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Let’s set the background with a sampling of sentiments of yesteryear’s
Supreme Court Justices considered trash by most of today’s justices, legal
scholars, legislators and politicians in general.

Justice Joseph P. Bradley in the Slaughter-House cases (1873) said, “For
the preservation, exercise, and enjoyment of these rights the individual
citizens, as a necessity, must be left free to adopt such a calling,
profession, or trade as may seem to him most conducive to that end. … The
right to choose one’s calling is an essential part of that liberty which is
the object of government to protect; and a calling, when chosen, is a man’s
property and right. Liberty and property are not protected where these
rights are arbitrarily assailed.”

Justice Rufus W. Peckman in Dent v. West Virginia (1888) said, “The
liberty mentioned in that Amendment (Fourteenth) means … to earn his
livelihood by any lawful calling; to pursue any livelihood or avocation.”

Justice William O. Douglas in Barsky v. Board of Regents of New York
(1954) said, “The right to work, I had assumed, was the most precious
liberty that man possesses. Man has indeed as much right to work as he has
to live, to be free, to own property. … The great values of freedom are in
the opportunities afforded man to press to new horizons, to pit his strength
against the forces of nature, to match skills with his fellow man.”

Contrast these sentiments to today’s reality. In Las Vegas, John West
applied for a license to operate his limousine. After having spent $15,000
and failing to prove that his business would “not unreasonably and adversely
affect other carriers,” his application was turned down. Nevada’s
established limousine operators get politicians to keep new entrants out so
they can get away with charging higher prices.

In New York, there’s been a running battle between “dollar” commuter vans
and the city’s Taxi and Limousine Commission. Dollar vans emerged in 1980
during the city’s transit strike. They operate along fixed routes providing
badly needed services in Brooklyn and Queens. But they compete with the
city’s decrepit bus service. The riding public wants the vans but the Taxi
Cab and Limousine Commission, acting on the behalf of New York’s Transit
Authority and transit workers union, wants them out of business.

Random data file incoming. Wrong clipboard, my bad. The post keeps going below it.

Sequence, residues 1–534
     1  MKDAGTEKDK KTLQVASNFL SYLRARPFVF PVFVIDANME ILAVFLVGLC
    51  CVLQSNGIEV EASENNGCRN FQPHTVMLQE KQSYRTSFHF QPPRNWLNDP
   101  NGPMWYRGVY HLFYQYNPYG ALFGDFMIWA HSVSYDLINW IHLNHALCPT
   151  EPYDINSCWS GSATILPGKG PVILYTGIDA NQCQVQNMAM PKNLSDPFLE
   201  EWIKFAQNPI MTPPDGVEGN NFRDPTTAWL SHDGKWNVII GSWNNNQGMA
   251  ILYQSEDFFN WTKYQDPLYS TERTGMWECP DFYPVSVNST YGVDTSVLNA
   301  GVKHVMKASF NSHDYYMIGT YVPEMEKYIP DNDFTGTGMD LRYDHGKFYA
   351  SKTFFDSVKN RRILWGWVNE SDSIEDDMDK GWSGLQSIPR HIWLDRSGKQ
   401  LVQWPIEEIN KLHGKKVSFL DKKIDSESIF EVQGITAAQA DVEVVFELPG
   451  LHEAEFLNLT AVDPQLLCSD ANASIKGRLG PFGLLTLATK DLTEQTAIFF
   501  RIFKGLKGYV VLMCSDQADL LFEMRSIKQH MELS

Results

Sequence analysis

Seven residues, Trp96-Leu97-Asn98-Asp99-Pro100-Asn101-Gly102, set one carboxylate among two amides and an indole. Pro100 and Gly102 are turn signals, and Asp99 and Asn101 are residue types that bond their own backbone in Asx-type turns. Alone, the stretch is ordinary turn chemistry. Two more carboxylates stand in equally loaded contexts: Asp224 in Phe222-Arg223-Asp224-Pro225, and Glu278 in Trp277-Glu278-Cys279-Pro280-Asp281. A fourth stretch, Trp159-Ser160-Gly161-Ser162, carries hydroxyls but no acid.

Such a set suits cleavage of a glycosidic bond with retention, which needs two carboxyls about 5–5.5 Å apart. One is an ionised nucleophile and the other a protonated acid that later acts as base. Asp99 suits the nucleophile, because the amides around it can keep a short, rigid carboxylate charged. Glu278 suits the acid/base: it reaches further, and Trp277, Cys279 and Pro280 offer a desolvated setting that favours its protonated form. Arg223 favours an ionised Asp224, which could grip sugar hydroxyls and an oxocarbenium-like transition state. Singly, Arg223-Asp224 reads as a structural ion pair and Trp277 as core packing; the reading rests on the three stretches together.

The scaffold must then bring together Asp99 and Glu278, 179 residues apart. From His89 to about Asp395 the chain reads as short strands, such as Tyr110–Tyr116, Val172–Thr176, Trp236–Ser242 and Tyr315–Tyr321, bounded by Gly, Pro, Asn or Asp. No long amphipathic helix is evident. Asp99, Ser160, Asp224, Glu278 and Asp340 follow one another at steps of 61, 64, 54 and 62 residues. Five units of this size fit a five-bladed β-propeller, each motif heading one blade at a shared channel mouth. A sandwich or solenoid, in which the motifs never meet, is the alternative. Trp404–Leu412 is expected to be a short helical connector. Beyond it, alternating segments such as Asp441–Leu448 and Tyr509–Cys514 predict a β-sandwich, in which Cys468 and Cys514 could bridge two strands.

Then there are African style hair braiders who operate out of their homes
and small shops in predominantly black neighborhoods. Given the style’s
popularity, hair braiders can earn a good income. However, the cosmetology
establishment wants them to complete 1,600 hours of study at state-certified
schools at a cost of $5,000 to $7,000. Licensed cosmetologists fear loss of
business and cosmetology schools fear the loss of students. They both use
government to stifle competition with hair braiders.

Many of these fledgling entrepreneurs are black people who are trying to
move up the economic ladder. The good news is that the state-sponsored siege
against them is being broken. It’s not black politicians and civil rights
groups coming to the rescue. They tend to side with the establishment.
Instead, it’s the Washington, D.C.-based Institute for Justice. The
Institute has produced an excellent record of success. In New York, they’ve
sued successfully on the behalf of the dollar vans. In cities such as Denver
and Indianapolis, they’ve broken long-standing taxi monopolies. Just last
week, the Institute won their California challenge where a U.S. District
Court found the state’s enforcement action against hair braiders
unconstitutional. Similar successes have also been won in Washington, D.C.,
Michigan and Maryland.

It would be great if the Institute for Justice ultimately beats back
protectionist economic regulation. But in the meanwhile, we should all give
moral encouragement to any person who tries to earn an honest, albeit
illegal, living.

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